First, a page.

I’m proud to be a member of the national leadership honor society Omicron Delta Kappa. Throughout my education—believe it or not—I was super neurotic about participating with enthusiasm and leading others in the things I loved to do (re: overachieving). Yes; there was a time in my life when something was more important to me than cheese, and that thing was a college club called “Fakespeare” where I was co-president, and where I once portrayed Hamlet’s Ophelia as a contestant on a dating show. (I don’t completely remember the skit, but I’m willing to bet it didn’t end well for Ophelia…things rarely end well for Ophelia.)
Anyway, I’ve been receiving frequent (re: incessant) cards in the mail from ODK, requesting I call a hotline to update my information for their first-ever membership directory section in a very special publication coming out later this year. Normally I’d ignore these cards, but I like ODK, and I recently found out that my membership in the society gets me a discount on my car insurance. PERKS OF BEING A NERD-FLOWER.
So after I received my fourth reminder in the mail, I called the hotline. They just wanted some basic information: my full name, my place of business, my occupation, etc. Which, in their defense, really is basic information, and should never be difficult for a normal person to rattle off over the phone.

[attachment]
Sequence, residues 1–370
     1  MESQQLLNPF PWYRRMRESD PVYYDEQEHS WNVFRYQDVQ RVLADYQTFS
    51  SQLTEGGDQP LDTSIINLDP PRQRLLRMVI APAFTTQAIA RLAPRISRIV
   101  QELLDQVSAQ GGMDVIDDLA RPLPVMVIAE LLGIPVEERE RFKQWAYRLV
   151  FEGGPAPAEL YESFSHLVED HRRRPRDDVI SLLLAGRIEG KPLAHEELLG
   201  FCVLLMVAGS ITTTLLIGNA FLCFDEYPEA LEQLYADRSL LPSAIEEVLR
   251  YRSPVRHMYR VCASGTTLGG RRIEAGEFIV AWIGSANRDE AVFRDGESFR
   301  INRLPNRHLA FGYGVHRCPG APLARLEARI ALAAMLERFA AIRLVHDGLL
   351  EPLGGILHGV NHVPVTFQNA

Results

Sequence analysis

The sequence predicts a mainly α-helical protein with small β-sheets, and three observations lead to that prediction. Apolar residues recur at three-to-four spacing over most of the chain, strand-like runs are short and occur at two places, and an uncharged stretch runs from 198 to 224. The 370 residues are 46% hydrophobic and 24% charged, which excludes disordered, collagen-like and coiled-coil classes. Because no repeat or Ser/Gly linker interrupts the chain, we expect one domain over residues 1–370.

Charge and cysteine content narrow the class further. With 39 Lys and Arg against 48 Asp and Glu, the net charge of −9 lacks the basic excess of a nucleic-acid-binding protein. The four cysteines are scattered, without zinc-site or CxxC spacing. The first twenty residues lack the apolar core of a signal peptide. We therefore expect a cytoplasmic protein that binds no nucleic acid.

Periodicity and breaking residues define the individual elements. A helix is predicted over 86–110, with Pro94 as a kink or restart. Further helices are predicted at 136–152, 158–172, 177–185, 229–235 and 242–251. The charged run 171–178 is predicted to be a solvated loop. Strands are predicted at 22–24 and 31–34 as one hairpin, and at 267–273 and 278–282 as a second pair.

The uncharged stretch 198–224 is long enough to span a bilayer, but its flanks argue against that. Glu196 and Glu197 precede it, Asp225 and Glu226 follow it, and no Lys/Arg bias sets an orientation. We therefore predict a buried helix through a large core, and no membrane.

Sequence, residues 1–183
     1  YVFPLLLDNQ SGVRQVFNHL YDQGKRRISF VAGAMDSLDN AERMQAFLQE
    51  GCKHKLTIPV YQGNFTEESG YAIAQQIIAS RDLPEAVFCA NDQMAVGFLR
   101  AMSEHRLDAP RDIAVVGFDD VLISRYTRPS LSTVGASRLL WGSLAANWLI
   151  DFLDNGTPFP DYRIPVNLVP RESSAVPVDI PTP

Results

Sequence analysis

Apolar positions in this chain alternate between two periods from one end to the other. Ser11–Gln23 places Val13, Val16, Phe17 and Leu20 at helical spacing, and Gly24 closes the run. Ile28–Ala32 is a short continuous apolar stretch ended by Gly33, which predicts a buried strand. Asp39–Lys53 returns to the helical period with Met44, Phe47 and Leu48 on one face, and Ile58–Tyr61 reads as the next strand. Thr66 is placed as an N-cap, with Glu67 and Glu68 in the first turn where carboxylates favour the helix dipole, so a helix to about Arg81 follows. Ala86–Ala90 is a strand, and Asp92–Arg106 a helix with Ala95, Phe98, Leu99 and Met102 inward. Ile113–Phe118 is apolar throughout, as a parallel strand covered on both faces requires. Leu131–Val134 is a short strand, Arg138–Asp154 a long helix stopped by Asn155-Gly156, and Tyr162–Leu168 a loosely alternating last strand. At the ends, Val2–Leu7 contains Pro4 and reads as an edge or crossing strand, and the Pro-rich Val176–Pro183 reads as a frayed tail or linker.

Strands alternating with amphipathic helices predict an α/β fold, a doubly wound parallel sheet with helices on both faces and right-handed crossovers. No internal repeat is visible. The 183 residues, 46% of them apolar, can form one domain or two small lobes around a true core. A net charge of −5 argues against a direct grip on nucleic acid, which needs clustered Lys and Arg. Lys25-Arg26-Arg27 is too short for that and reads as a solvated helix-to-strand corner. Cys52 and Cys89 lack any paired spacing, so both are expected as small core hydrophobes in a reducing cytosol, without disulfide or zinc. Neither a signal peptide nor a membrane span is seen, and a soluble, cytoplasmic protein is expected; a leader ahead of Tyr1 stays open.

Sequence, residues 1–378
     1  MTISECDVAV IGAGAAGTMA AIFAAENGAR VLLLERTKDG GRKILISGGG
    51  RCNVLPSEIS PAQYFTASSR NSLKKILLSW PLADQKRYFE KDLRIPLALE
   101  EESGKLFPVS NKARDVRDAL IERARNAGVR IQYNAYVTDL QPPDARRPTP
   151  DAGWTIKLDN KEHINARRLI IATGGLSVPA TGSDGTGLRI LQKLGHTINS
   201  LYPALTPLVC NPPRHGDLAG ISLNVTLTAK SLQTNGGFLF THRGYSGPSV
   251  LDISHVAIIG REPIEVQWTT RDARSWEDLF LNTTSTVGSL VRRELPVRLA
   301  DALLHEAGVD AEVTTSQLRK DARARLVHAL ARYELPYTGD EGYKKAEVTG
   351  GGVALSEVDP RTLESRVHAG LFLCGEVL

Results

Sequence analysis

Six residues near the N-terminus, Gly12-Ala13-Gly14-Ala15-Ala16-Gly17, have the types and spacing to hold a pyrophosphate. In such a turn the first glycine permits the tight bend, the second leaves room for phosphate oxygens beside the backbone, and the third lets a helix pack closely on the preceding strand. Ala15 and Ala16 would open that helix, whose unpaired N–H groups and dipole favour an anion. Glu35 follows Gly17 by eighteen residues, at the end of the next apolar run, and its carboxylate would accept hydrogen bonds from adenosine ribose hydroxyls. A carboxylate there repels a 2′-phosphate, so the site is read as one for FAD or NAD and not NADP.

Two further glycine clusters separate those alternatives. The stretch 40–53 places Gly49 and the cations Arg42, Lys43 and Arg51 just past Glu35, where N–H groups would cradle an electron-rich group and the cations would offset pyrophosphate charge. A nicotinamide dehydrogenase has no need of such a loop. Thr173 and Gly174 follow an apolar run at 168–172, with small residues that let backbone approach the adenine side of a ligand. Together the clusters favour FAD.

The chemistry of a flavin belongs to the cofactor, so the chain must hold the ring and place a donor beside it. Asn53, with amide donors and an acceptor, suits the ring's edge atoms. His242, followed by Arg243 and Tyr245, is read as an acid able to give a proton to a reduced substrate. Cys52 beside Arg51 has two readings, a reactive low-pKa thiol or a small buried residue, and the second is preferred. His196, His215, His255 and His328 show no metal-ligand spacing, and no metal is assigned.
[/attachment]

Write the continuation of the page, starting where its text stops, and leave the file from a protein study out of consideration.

But from the very first question, “What is your full name?”, I had no idea how to respond.
Now, before you think I’m exhibiting early-onset Alzheimer’s, I am perfectly lucid and am 99% sure I know what my name is. What I don’t know, however, is what my name will be when this first-ever-very-special Omicron Delta Kappa publication is released.
I don’t know what my name will be. I don’t know what my place of work will be. And I certainly don’t know what my occupation will be anymore, unless I can ascribe it to more general occupational ideas like “daughter” and “animal lover” and “Jeopardy-enthusiast-who-isn’t-actually-very-good-at-Jeopardy.” (That last one’s probably too long to fit in my printed bio anyway.)
The truth is that I don’t know what my life will be by the time this publication comes out. All I know is what it won’t be, and all the won’ts burst simultaneously to life during this phone call.
So I told the woman at the other end of the hotline what my life is right now, and declined to pre-order two hardback copies of the book for $49.95 each, because that’s too much money to spend on something that, by the time its ink is set permanently in its paper, will essentially be filled with my lies. Or my footprints.
It took some time, but I’m finally feeling comfortable that, soon, a large part of my identity will be “wife.” And “army wife.” And all the little identities attached to those larger identities, and to the ones I’ll never lose. But what about the identities I have now? The person I am in them now? Is she just a lie (or a footprint) attached to some ink and some paper? When she no longer exists in me, does somebody steal her identity for their own identity, and in a few years when you Google some iteration of my name, the first result is the Facebook profile of a 46-year-old Norwegian automechanic who is still in the process of hacking all my credit cards and stealing my social security number?